A class to motivate more students to take honors courses. A program with an international focus. A biotechnology lab. These are among a wide array of educational programs that Tempe High School's staff is working to bring to students this fall.
"We're on the move," said principal Mark Yslas, who added he wants to provide something for every student.
Yslas said he wants to make sure students are choosing Tempe High because of the programs it offers, not simply because they live in the attendance area. And he's working to attract students from other parts of the Valley, too.
With just 1,300 students, the school is one of the smallest in the Tempe Union High School District. Yslas hopes to bring enrollment up to around 1,600 students eventually, which he believes is the perfect size for a high school.
As the district faces budget troubles, Tempe High has found grant money and created local partnerships to fund the new programs.
Earlier this month, the district accepted a $15,000 donation from the Tempe Diablos Charities for the school's new International Baccalaureate program.
The program includes a demanding interdisciplinary curriculum that presents lessons through a global perspective. Requirements for participants include music and second language courses, writing a 4,000-word essay and extensive community service.
The pre-IB program is already up and running, but the school is getting a visit from the international board next month that will determine whether it will be approved for a formal program for the 2009-10 school year.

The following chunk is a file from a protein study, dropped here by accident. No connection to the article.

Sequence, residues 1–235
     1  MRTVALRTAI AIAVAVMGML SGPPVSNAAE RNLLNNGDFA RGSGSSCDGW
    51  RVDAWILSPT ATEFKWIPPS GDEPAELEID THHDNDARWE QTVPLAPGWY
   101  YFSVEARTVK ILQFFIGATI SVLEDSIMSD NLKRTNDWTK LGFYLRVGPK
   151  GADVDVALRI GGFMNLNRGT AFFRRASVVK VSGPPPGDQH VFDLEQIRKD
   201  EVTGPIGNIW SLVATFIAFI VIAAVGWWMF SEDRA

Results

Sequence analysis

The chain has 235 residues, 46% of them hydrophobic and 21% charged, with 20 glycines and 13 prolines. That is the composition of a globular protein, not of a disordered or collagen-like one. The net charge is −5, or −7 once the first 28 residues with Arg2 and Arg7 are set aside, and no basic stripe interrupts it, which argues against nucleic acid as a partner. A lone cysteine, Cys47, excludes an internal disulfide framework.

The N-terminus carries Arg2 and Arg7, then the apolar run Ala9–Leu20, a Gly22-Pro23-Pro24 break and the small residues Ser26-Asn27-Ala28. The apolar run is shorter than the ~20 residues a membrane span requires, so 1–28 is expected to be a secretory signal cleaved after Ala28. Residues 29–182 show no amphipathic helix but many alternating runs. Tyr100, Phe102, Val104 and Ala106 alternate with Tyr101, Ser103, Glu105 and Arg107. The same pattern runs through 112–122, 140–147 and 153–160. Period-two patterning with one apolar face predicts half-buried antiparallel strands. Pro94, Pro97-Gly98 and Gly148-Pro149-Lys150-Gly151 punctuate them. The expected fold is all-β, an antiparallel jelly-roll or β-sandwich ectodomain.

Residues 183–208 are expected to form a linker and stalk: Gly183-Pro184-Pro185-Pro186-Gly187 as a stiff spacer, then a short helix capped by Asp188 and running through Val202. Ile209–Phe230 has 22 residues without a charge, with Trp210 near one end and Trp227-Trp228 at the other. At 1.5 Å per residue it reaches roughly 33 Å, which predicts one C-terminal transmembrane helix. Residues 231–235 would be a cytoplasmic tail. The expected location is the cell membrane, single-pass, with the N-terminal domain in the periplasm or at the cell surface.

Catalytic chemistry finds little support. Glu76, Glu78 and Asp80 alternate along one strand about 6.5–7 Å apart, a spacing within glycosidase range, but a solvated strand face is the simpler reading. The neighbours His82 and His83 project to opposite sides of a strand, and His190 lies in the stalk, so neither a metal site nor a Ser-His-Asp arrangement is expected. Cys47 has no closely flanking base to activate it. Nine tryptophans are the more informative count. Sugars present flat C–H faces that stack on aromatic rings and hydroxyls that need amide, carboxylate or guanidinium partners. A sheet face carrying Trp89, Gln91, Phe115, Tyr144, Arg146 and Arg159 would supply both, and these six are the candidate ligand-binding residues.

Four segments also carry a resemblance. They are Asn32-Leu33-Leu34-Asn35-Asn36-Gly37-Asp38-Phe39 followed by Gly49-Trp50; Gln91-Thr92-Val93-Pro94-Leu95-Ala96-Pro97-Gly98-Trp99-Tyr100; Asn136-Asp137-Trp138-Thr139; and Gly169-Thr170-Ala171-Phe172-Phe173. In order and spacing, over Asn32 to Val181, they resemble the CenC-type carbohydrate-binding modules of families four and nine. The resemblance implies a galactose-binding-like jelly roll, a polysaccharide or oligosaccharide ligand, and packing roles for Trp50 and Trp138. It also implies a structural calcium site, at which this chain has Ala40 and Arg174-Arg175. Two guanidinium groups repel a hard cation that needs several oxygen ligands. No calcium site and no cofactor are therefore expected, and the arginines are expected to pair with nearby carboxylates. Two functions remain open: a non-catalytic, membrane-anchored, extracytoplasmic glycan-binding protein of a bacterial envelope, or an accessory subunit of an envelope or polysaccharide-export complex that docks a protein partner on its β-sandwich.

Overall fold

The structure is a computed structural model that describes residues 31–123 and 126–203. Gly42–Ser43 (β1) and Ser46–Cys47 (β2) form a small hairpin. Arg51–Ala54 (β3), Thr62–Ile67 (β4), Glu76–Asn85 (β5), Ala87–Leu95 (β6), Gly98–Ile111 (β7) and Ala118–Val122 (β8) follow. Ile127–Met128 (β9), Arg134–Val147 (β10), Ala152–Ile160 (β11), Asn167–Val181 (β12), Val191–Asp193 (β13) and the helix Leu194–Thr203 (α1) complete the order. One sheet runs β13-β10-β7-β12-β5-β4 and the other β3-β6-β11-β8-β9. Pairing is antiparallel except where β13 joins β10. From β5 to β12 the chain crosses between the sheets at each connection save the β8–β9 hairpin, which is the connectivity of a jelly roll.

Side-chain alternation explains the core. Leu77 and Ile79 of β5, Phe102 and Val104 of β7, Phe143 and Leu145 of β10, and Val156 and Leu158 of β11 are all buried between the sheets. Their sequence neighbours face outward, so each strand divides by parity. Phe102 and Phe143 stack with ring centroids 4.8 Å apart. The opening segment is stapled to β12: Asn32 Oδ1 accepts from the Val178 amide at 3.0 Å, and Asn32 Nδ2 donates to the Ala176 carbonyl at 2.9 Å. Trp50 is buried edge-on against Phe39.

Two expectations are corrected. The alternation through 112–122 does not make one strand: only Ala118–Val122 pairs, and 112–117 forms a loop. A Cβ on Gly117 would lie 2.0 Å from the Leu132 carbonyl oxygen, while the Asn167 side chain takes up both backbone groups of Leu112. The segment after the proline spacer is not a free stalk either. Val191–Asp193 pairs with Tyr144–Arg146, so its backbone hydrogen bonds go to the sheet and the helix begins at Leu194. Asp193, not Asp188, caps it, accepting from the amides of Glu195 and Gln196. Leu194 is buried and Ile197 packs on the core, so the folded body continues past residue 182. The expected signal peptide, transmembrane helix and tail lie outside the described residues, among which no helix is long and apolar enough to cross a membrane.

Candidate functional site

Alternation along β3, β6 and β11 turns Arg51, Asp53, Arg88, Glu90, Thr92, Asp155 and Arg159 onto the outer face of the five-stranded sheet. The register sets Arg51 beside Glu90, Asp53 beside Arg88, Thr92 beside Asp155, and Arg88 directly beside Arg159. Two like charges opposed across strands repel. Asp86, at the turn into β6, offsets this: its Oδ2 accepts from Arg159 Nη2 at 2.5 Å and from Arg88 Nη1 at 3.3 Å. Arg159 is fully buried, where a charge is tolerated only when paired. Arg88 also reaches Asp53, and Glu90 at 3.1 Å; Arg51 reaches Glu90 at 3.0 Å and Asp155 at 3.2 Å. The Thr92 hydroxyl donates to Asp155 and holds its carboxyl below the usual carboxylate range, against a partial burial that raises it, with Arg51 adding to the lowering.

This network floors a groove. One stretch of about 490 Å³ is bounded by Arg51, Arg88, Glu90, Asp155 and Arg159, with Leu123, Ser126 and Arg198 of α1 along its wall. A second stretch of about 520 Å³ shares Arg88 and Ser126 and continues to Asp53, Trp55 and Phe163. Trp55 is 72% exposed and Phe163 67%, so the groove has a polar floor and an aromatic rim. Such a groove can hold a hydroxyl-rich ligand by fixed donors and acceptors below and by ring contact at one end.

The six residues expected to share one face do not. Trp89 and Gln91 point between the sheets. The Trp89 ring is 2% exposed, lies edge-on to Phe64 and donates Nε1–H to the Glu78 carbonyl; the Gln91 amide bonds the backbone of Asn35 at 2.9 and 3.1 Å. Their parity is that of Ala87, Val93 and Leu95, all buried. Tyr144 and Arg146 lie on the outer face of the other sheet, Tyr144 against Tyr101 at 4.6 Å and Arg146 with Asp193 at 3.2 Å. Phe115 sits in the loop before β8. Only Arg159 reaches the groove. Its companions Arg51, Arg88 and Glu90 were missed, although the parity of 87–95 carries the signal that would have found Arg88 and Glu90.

This year, Tempe High also forged a partnership with South Mountain Community College to get more Hispanic students interested in the biotechnology field. Now, Tempe High is offering dual enrollment options, where any interested student can obtain college credit by taking a high-level biology class on campus.
In addition, the college is training teachers and providing a new lab, equipment and a lab technician.
"Governor (Janet) Napolitano has expressed a desire to have Arizona become a leader in biotechnology," said teacher Scott Greenhalgh, who is helping to coordinate the program. "This will help get more students interested earlier."
Teacher Tanya Moulton wanted to start a Jobs for Arizona's Graduates program at the school earlier this year, but she didn't have the money for it. Then, just weeks before classes started this month, she discovered the Qwest Foundation was giving the school $25,000 to get the program off the ground.
"We offer career pathways and leadership skills to students who have been identified based on barriers in their lives," she said.
The nationwide school-to-career and dropout prevention program helps students set goals and values and gives them experience with leadership roles.
Moulton, who will help students obtain part-time jobs during the year, also keeps up on how they are performing on-the-job and even plans to do some "secret shopping" to check on them, she said.
The program will help some 45 students this year, and Moulton said she's already getting requests from students who ask her to help friends who are talking about dropping out of school.
BEYOND THE LIMITS
Another program aimed at helping students who may otherwise fall under the radar is the brand new Beyond the Limits, program, which pushes students with average grades to succeed in an honors class.
"Traditionally, honors classes are reserved for students who are high-achievers," said assistant principal Kate Glenn. "These are students the teachers have recommended, and they think, with a little extra support, they can be successful in some of our most rigorous classes."
Many of the students have never taken an honors course. In addition to a daily class where they learn study skills, students also get tutoring from Arizona State University interns, Glenn said.